Like anything else, other people's opinions will help. After you finish a song, leave it for awhile and don't think about it. Go back to it after a day or two and see what you think. You may spot flaws of tense or gender you can correct, or get new ideas about how to say what you meant to say.
Learning to read music never hurts. When you get good at it, you can transcribe the riffs/hooks you hear in your head. Take some time to do this. It may be better to do this in staff than with tablature, as staff preserves rhythm and it's then easy to recreate any riff on the piano.
Freewriting is a common tool to come up with lyrics or lyrical ideas, as well as improving writing skills. You can just write a rambling story, letting it end wherever is logical, or you can write a rambling rhyme, trying to make it coherent in storyline, but just letting it go on as long as it takes to find some logical end. It loosens up your ability to wordplay, to find meanings and rhymes, and put words together that may not ordinarily go together.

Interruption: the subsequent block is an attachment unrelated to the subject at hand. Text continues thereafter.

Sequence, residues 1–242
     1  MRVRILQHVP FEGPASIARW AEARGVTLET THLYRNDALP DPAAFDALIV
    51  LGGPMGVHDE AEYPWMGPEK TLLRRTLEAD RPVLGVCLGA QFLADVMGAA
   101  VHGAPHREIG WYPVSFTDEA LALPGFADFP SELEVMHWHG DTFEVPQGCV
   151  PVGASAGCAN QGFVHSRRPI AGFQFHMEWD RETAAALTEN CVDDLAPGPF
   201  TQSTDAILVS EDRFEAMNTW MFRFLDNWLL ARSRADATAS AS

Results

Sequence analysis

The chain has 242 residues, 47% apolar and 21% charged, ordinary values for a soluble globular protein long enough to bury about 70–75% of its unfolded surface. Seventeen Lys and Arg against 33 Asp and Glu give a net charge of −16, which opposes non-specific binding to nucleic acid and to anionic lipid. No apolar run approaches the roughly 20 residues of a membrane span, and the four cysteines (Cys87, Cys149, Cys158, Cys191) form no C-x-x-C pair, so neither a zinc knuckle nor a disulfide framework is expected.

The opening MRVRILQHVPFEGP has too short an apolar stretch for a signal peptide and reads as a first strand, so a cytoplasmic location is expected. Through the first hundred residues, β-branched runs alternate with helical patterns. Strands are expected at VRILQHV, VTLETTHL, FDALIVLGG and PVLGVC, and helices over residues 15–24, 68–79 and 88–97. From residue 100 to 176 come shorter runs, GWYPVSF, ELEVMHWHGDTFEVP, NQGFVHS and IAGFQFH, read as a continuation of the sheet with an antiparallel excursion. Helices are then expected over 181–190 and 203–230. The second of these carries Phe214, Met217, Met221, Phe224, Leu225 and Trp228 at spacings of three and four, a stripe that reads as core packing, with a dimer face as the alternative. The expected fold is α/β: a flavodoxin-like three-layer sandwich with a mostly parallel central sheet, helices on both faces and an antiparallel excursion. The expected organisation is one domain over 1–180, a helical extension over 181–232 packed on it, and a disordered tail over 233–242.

Sometimes imagining your song in your head can help a great deal when writing. If you are "blocked", imagine what you would like to hear, and perform it. Hence the phrase, "If you can think it, play it."
If you think of a song, and you dont like it, don't scribble it out, don't tear it up, don't throw it away. Work on it. Other people might like it.
Avoid plagiarism. Naturally, you don't want to just copy the melody or the exact words of another song. Another, more subtle problem is subconscious plagiarism, where a songwriter does not realize that he or she is largely copying another song. If you worry that your song sounds like another song, you might be right. Play it for as many listeners as you can, and see if they think so, too. The beauty of music is that it has all been done before, and yet it can be done anew.